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The Dhruv Jurel run-out: 'I just don't think you can give it out,' says Tom Moody

Mitch McClenaghan agrees with Moody, but Varun Aaron feels the right decision had been made

After the contentious lbw call that went in Dinesh Karthik's favour in the Royal Challengers Bengaluru (RCB) innings, there was another dismissal in the IPL 2024 Eliminator that divided opinion, when Cameron Green broke the stumps to run out Dhruv Jurel in the Rajasthan Royals (RR) chase.
Green, the bowler, collected Virat Kohli's throw from the deep, but may or may not have had the ball in his grasp while breaking the stumps. The TV umpire, Anil Chaudhary, however, concluded that Green was in control of the ball and gave Jurel out.
Law - dealing with "breaking the wicket fairly" - considers it a valid dismissal provided "that the ball is held in the hand or hands so used, or in the hand of the arm so used" to break the stumps. Since the pictures did not conclusively show Green in control over the ball, there was debate.
*Talking about the above law, the MCC laws manager Fraser Stewart said: "The umpire must therefore determine whether the ball is 'held in the hands'. In this instance, the umpire decided that there was just still pressure on both sides of the ball from both hands, albeit not the parts of the hand that would conventionally be used (palms & fingers). At the moment of impact with the wicket, parts of both hands are still touching the ball, applying just enough pressure to keep it in place. This was sufficient for the umpire to decide that the Law was satisfied and that the ball was being held."
ESPNcricinfo's expoerts, however, did not entirely agree with that soon after the match finished.
"I think there was contact when the wicket was broken, but it was with the wrist. And I don't believe... we've always grown up without knowing the law, the actual wording of the law, we've always grown up understanding it's [about] control. About controlling with the hand," Mitchell McClenaghan said on ESPNcricinfo's TimeOut show. "And you saw Cam Green's reaction afterwards, he was on his knee and his head was down and there was no celebration. Even in his mind - and I could be wrong - I believe he thought he lost control."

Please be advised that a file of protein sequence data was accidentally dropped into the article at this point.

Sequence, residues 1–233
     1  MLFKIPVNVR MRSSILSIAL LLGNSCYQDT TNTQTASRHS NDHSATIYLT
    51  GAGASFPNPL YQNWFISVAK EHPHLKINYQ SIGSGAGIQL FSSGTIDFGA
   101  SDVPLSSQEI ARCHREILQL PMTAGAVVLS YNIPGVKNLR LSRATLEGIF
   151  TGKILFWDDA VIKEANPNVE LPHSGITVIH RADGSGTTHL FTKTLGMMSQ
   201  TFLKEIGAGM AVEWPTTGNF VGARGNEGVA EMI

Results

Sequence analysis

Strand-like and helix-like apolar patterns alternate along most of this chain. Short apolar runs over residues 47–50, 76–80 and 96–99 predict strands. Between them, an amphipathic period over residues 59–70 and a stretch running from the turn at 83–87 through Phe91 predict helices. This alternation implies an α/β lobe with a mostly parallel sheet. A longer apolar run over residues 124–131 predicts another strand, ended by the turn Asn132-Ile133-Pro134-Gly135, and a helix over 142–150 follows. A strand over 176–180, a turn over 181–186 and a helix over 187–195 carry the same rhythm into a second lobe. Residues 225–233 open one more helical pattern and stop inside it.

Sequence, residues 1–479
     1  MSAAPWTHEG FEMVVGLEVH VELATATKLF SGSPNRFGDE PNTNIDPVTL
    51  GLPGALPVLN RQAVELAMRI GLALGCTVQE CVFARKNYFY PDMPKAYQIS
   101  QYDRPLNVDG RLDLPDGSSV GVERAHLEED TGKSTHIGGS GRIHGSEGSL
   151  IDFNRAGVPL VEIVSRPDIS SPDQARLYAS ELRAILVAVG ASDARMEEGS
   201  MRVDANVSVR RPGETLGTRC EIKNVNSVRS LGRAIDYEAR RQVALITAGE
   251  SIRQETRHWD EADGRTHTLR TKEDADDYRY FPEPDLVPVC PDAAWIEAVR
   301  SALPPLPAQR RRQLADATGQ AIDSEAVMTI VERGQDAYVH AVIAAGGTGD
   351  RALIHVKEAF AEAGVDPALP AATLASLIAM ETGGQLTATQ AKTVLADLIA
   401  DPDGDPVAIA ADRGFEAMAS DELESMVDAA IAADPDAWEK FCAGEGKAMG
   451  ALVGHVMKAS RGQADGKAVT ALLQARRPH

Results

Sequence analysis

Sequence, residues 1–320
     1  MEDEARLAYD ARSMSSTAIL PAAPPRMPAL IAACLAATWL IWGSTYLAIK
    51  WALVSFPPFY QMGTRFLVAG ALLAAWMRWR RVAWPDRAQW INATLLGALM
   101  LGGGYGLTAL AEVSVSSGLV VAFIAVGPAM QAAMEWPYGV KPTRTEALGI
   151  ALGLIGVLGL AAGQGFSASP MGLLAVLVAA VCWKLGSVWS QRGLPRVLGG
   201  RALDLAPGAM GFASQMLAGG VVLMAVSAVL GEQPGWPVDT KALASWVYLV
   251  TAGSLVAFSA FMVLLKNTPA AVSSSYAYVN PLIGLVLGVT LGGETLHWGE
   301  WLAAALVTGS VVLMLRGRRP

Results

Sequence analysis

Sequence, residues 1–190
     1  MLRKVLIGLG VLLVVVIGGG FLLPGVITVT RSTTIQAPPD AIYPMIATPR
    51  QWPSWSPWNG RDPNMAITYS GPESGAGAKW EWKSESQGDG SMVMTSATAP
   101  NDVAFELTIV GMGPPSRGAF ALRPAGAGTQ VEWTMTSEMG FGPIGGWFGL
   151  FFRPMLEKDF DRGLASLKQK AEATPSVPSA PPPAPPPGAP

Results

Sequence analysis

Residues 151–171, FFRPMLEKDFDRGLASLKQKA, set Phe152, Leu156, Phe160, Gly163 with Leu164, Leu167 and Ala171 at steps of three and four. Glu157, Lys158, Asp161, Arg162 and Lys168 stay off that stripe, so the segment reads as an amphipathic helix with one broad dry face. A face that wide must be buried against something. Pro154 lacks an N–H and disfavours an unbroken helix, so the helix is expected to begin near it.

Tom Moody also felt the visuals were inconclusive, and Jurel deserved the benefit of the doubt.
"The key word is 'held'," he said, referring to the law. "And I think when the stump lit up, the ball was not held in the hand. He lost control of the ball. Yes, it was in contact with his wrist/thumb, but there was no control of the ball. It wasn't being held.
"So, for me, that's a huge grey area. I just don't think you can give it out. That would've caused a storm with that decision, but just looking at the actual wording of the law, it's very hard to give it out."
Varun Aaron, however, felt that the right decision was made.
"I thought it was out. I understand sometimes you don't hold the ball exactly properly, but if it's somewhere in the vicinity of your palms, and he's hit the bails, it's just a matter of seconds and obviously Cam Green didn't have the time to play the rule in his head," he said. "I thought it was out. The umpire gave it out. It is debatable, it is something where people will have different opinions, but I just thought in that moment it was out. He somewhat had control over it, I won't say he had 100% control over it, but there was control."
The decision did not make a difference to the result. Jurel's dismissal had RR at 112 for 4 in 13.1 overs, but useful knocks from Riyan Parag, Shimron Hetmyer and Rovman Powell gave RR victory over RCB with one over to spare. RR next face Sunrisers Hyderabad on Friday, May 24 in Chennai at the second qualifier.
*1525 GMT, May 23: The story was updated with a quote from Fraser Stewart